Benefits and Allowances in Denmark

Information about the types of social security and welfare benefits paid in Denmark, and who is eligible…

Most residents in Denmark receive payments of some kind from the public sector. These payments may be in the form of tax refunds, child subsidies, pensions, student loans, unemployment benefits, housing support or social welfare payments, and they are all paid into an Easy Account (NemKonto). Everybody in Denmark - private citizens and companies alike - must specifically designate a bank account which is already in use to be their Easy Account.

Maternity Benefit

Parents have the right to a total of 52 weeks leave with maternity subsistence allowance. The mother is entitled to four weeks' maternity leave (barselsorloven) prior to giving birth and 14 weeks after; the father is entitled to two weeks' leave after the birth; and the remaining time can be divided according to individual wishes.

Public sector employees receive full salary during maternity leave. Private sector employees are entitled to a minimum level of maternity benefit, which is subject to negotiation with the employer. Parents who are not entitled to paid maternity leave from their workplace can receive maternity maintenance from their municipal office in their place of residence. In order to claim this payment, the local municipality should be contacted no later than eight weeks after the birth.

Maternity benefits are paid monthly into the NemKonto account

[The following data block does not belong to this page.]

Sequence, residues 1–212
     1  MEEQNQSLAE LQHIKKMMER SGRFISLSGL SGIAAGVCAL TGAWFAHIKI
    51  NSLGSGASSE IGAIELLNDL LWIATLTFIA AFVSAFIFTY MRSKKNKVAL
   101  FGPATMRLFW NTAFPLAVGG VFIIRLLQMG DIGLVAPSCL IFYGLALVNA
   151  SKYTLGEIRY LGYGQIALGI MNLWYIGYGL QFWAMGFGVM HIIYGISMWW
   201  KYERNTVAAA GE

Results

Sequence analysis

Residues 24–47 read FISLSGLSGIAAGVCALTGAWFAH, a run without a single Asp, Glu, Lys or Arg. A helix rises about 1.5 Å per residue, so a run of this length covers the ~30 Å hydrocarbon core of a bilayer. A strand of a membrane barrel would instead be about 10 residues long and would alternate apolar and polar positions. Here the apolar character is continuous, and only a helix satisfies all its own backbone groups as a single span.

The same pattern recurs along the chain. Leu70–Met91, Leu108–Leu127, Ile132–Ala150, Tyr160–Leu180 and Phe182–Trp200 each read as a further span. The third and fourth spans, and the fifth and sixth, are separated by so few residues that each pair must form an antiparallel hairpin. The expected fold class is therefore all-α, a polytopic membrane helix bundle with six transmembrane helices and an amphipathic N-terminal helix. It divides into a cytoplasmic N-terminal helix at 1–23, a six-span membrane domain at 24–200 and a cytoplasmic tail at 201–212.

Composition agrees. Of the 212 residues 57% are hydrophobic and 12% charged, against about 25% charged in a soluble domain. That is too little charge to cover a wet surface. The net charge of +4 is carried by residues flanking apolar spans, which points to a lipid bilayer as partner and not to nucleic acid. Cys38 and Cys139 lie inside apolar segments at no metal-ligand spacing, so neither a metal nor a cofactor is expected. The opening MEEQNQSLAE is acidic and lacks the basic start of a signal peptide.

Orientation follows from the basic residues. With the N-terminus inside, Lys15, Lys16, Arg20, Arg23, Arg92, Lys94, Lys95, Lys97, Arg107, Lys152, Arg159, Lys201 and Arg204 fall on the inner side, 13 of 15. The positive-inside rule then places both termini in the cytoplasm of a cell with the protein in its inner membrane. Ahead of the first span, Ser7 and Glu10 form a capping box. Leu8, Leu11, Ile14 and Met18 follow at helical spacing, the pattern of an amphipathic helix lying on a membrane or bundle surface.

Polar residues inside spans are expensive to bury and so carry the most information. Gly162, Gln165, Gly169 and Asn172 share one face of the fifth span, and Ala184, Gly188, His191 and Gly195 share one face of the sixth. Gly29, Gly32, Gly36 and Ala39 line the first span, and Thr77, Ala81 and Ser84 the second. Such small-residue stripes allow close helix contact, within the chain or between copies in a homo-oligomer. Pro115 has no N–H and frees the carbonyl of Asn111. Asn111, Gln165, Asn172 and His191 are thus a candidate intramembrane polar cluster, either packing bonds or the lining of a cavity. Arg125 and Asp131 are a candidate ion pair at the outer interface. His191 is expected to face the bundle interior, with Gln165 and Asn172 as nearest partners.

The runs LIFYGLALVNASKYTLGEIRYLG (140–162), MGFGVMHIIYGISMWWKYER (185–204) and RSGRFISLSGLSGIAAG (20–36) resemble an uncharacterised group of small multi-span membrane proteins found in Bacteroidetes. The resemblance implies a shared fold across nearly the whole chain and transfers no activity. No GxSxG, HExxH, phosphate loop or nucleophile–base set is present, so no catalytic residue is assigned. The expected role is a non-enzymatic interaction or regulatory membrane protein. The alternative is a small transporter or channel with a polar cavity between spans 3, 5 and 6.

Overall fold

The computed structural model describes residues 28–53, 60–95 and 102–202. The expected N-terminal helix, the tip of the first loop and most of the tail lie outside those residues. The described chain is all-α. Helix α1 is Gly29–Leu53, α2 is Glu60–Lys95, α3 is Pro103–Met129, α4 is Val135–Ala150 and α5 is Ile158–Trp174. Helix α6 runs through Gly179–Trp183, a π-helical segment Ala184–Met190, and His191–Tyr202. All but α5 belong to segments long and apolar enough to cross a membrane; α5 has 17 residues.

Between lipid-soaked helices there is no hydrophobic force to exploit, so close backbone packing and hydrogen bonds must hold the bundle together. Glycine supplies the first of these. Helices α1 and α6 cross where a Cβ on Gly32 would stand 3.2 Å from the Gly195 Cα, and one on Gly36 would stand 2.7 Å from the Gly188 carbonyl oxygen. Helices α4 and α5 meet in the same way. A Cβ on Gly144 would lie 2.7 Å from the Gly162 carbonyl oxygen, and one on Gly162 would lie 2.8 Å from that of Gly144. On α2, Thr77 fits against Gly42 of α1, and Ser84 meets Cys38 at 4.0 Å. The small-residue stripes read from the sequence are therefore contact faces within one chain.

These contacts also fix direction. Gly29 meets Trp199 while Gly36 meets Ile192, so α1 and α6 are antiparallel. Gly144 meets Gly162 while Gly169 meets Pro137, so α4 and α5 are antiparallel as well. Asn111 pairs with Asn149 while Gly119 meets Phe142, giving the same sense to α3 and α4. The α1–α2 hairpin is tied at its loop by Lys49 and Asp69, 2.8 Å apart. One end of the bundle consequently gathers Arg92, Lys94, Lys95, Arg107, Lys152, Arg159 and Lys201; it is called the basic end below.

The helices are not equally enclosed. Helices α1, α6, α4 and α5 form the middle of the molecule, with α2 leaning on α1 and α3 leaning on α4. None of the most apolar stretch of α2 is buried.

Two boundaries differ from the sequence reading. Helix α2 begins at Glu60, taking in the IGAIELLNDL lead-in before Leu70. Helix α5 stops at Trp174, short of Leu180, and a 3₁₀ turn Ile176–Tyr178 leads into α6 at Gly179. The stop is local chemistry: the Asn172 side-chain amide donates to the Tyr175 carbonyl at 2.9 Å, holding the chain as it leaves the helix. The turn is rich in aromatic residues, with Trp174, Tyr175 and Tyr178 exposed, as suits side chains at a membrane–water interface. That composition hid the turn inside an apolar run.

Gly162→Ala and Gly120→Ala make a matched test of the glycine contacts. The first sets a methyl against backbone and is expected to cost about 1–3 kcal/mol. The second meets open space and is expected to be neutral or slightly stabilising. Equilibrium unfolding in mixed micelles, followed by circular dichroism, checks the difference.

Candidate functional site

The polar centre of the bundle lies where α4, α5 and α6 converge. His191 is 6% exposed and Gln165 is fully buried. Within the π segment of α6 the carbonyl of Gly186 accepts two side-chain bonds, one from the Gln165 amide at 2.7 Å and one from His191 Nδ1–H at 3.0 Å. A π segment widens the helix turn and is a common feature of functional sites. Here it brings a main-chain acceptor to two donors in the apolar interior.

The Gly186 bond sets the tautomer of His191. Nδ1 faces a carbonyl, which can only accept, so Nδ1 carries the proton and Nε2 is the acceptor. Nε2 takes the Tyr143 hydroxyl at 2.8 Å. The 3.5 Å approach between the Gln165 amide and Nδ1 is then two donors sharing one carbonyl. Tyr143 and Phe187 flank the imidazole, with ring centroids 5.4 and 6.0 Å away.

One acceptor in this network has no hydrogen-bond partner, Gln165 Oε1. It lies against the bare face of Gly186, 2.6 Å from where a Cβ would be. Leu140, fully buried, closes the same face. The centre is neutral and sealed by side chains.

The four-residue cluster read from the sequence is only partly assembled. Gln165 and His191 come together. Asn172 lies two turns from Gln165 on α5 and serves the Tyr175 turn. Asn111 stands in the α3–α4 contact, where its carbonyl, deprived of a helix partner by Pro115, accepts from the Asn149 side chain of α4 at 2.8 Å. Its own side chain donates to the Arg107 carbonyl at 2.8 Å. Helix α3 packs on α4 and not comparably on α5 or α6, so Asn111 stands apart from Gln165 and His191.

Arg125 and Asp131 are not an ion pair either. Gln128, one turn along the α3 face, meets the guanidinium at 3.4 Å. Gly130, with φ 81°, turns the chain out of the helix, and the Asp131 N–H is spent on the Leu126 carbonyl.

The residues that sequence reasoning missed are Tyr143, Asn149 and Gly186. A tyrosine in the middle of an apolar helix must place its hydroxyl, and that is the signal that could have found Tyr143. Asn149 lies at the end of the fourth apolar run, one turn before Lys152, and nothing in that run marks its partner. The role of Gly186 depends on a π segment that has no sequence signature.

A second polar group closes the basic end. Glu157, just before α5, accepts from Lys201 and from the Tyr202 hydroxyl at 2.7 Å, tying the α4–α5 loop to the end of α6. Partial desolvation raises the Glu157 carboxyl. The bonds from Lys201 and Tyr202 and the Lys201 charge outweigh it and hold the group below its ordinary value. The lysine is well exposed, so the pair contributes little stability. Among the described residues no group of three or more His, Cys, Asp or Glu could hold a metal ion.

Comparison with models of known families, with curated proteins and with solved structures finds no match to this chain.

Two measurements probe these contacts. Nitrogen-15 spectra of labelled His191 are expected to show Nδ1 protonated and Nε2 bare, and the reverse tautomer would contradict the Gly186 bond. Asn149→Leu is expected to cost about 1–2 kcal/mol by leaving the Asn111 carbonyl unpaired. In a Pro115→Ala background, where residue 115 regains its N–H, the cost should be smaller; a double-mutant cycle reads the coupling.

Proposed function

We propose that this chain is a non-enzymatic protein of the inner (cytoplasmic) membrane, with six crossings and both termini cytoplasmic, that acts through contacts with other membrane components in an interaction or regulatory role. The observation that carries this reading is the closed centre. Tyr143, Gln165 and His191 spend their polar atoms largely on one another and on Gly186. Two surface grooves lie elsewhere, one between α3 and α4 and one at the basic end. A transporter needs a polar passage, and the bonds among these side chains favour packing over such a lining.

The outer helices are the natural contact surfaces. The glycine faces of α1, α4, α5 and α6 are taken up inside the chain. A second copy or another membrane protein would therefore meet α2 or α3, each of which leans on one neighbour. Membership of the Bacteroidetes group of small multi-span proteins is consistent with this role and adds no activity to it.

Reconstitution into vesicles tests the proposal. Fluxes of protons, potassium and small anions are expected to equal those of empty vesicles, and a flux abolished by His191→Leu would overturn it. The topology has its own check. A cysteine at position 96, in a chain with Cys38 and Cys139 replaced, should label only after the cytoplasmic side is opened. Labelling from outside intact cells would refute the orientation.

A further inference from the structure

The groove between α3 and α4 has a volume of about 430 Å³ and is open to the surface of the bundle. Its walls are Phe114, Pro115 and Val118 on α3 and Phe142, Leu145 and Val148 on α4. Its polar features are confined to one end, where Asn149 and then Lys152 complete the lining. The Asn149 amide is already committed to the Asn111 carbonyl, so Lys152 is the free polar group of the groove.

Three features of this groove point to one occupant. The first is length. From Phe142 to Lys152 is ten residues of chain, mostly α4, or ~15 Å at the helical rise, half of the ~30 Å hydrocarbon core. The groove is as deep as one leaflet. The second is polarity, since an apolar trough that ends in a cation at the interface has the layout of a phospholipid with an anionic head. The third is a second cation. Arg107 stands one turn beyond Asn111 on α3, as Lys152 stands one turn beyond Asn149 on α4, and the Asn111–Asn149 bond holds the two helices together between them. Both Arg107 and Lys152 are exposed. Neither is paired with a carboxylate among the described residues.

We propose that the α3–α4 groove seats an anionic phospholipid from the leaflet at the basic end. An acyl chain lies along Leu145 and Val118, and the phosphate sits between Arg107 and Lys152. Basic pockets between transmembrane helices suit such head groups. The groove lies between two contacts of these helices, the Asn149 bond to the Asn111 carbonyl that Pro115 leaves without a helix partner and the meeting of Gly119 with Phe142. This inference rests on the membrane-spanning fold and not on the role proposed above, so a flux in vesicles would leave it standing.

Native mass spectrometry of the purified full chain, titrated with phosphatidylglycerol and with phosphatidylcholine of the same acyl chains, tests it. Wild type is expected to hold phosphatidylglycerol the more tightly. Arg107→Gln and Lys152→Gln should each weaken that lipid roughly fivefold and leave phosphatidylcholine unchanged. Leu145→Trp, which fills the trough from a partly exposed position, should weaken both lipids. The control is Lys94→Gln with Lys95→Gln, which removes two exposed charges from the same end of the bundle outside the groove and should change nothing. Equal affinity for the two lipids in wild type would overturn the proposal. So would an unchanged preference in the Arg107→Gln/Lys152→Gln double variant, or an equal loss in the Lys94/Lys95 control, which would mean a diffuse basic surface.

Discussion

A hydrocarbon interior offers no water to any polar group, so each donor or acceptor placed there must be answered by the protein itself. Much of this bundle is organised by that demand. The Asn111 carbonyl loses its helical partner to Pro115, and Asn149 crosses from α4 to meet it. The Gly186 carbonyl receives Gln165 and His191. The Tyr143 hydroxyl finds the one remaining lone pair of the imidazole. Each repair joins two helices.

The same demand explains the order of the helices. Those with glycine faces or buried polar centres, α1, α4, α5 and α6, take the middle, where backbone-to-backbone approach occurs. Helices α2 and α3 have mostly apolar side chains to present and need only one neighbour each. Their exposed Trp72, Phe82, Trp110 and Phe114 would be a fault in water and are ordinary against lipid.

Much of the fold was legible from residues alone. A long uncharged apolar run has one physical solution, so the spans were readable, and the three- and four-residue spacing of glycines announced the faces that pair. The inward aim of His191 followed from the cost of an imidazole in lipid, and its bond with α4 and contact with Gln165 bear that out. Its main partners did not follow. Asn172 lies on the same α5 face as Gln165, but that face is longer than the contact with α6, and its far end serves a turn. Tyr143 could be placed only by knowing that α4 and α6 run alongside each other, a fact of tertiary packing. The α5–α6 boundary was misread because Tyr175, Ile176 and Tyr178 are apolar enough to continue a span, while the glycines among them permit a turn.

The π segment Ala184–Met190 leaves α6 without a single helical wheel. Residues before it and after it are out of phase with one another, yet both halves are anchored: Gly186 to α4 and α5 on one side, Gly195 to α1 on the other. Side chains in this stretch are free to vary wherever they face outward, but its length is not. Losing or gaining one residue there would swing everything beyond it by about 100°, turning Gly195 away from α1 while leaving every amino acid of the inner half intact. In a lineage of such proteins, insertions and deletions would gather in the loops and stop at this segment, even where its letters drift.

Child and Youth Allowance

Parents who are tax resident in Denmark receive child and youth allowance (børne- og ungeydelsen, also called børnecheck). This is paid automatically every three months into a NemKonto account (an account specifically designated to receive payments from the public sector). The amount paid depends on the child's age and is paid until the child is 17.

To find out about eligibility and how to claim for child allowances, contact the local authority (kommune).

  • SKAT (Tax office) has more on child and youth allowances benefits (in Danish)

Holiday Pay

Everyone working in Denmark is entitled to five weeks paid holiday in a "holiday year" which is from 1 May to 30 April. If the employee has only been employed for a short time, 2.08 holiday days are earned per month of employment. The holiday pay is automatically paid in to the NemKonto account.

Holiday pay is paid either through a Holiday Account (FerieKonto) or by the employer if they are covered by an independent Holiday Account scheme. If enrolled in NemSMS, notification is sent when VacationKonto pays the holiday allowance.

Sickness Benefit

Under the Danish Sickness Benefit Act, sickness benefits are paid to the employee for the first 14 days of the employee's absence. After 14 days, the sickness benefits are paid by the local authority. The employee receives 90 percent of their salary or a maximum of DKK 3,016 per week. The employee cannot receive sickness benefits for more than one year.

Denmark's Citizen's website has more on how to apply for sickness benefits (sygedagepenge)

More is also available from the Labour Authority website (in Danish).

Disability Benefits

Services and benefits for people with disabilities are financed by local authorities. A home help can also be provided if the local authority considers it necessary. Local authorities also offer personal assistance schemes and socio-pedagogical support for those who need it. Reimbursement of extra costs may be granted depending on the specific situation (this can include extra transport, or help with day-to-day tasks within the home).

Individuals who cannot support themselves financially due to a disability are entitled to a maintenance benefit from the Danish State. This disability pension is available to those aged 18 to 65 whose ability to work is permanently reduced. Applications for a disability pension are made at the local municipality office. The local authority then assesses whether a person is entitled to the pension.